These factors, combined with the hyperpalatability of typical ultra-processed foods, can distract children from the healthy foods they should be eating. Eating patterns established in childhood can expand into adulthood and increase the risk of developing a variety of mental and physical health problems. Madina Phara    Show Sources

    Children as young as 7 who consume large quantities of ultra-processed foods in adulthood are growing steadily, according to a new study. Children who consume ultra-processed foods such as soft drinks are given additional weight gain effects into adulthood, according to the study.    Show Sources

    Detailed data indicated that over a period of 10 years people whose daily diets were at least 70% ultra-processed – which tend to be high in calories and contain a variety of artificial ingredients – had an average weight loss of about a pound per year. The 24-year-old subjects with the highest usage in this category gained an average of about half a pound and more than half an inch in waist circumference each year during the study period.    Show Sources

    Kiara Chang, a research fellow and lead author of the paper, said that they have seen a consistent increase in the harmful weight measurement in children who ate large amounts of processed food as part of their diet. The researchers came to this conclusion after taking saturated fat, sodium, sugar and fibre into account. When children ate processed foods at 24 years of age, the high-consumption group had a BMI of 1.2 kg / m2 higher, 15% more fat and was eight pounds heavier. Madina Tao    Show Sources

    Supporting our findings, we found that consumption of ultra-processed foods was associated with a 9 year incidence of overweight / obesity in a prospective cohort of middle-aged Spanish adults and university graduates9, obesity and weight gain in Brazil14 and UK adults24 and in cross-sectional studies with representative adult samples in the US 10, Canada12 and Brazil8. A large study of 20,000 adults has found that eating more than four servings of highly processed foods is associated with an increased mortality risk.    Show Sources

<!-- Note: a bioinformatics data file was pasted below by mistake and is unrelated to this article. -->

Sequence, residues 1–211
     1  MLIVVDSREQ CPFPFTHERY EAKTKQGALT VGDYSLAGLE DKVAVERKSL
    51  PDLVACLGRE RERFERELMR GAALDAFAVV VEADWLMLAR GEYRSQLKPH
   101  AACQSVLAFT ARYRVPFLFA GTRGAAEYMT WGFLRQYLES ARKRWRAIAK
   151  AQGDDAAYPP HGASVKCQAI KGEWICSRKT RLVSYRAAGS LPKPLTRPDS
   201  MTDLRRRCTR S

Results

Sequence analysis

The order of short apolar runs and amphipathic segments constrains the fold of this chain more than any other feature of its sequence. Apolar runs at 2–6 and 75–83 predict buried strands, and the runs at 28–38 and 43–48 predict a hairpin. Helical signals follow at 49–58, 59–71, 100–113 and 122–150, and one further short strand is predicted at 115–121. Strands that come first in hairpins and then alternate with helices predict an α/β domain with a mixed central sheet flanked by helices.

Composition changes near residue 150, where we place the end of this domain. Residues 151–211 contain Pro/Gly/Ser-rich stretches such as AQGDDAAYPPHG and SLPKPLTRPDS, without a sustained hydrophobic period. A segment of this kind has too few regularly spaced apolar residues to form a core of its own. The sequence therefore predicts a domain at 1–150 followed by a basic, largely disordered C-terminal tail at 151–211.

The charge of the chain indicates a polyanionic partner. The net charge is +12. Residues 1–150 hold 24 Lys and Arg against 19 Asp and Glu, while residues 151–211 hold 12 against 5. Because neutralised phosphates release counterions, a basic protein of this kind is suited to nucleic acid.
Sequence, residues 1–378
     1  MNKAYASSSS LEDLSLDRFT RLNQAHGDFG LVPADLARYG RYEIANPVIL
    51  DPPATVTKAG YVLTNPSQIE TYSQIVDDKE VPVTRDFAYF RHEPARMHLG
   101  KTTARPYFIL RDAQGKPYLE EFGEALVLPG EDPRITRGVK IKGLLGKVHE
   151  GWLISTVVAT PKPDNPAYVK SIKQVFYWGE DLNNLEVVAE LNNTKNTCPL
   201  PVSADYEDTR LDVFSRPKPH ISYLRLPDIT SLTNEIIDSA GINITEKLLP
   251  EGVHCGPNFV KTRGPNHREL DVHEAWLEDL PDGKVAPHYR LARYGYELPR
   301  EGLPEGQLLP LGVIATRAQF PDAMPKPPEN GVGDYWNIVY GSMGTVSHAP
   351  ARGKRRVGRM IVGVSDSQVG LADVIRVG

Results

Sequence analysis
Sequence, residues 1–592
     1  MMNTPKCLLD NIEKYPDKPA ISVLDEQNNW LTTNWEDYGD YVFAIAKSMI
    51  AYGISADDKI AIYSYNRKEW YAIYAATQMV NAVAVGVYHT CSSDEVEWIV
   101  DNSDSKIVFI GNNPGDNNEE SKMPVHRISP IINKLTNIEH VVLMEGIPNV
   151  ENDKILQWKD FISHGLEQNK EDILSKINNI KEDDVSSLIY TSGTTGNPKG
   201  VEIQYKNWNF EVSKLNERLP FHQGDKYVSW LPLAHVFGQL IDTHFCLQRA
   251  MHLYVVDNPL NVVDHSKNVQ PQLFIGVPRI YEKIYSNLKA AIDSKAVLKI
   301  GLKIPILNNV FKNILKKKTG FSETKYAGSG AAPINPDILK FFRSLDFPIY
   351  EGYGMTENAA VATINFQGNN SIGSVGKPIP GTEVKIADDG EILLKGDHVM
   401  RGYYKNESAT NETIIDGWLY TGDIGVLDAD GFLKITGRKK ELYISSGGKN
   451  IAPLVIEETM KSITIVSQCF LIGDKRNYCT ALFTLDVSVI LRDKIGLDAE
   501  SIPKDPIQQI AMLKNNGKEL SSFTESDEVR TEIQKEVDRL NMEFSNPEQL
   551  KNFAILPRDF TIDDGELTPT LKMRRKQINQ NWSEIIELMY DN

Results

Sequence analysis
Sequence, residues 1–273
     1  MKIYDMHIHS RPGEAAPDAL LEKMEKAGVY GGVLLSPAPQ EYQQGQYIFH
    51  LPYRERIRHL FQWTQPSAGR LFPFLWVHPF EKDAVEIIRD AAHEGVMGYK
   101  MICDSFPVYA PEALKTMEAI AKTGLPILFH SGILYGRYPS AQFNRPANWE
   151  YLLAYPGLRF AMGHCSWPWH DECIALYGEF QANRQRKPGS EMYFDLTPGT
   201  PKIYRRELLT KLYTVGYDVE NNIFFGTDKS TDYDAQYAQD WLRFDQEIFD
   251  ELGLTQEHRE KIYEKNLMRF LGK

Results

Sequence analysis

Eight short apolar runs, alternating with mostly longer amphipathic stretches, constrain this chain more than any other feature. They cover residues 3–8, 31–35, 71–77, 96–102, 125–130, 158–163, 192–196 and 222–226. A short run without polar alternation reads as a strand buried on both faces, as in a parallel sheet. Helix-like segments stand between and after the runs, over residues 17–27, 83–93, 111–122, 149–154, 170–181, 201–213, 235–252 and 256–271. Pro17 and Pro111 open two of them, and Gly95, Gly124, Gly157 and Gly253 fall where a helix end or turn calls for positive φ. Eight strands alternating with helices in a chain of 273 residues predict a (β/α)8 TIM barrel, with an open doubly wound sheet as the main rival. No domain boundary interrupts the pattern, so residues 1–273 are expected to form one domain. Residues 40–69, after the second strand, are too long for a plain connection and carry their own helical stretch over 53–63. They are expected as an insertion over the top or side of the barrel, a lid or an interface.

A new 17-year study of over 9,000 British children born in the 1990s shows children who eat heavily processed foods are more likely to be overweight or obese than adults. Ultra-processed foods have higher sugar content, salt, saturated fat, low protein, fiber and micronutrients and are widely marketed by the food industry, said the study. Longitudinal studies conducted on Brazilian children strengthened possible negative effects of ultraprocessed foods on children’s health, such as a elevated total cholesterol, low-density lipoprotein (LDL) 25, triglycerides 26 and waist circumference 27.    Show Sources

    Mongkol Phara Family

    An observational study of nearly 20,000 Spanish graduates from the Seguimiento University in Navarre found that high consumption of more than 4 servings of processed food per day is associated with a 62% increased risk of death due to any cause compared to low consumption of less than 2 servings per day. At the same time, the intake of fiber, zinc, potassium, phosphorus, magnesium, calcium and vitamins C, D and E was decreased.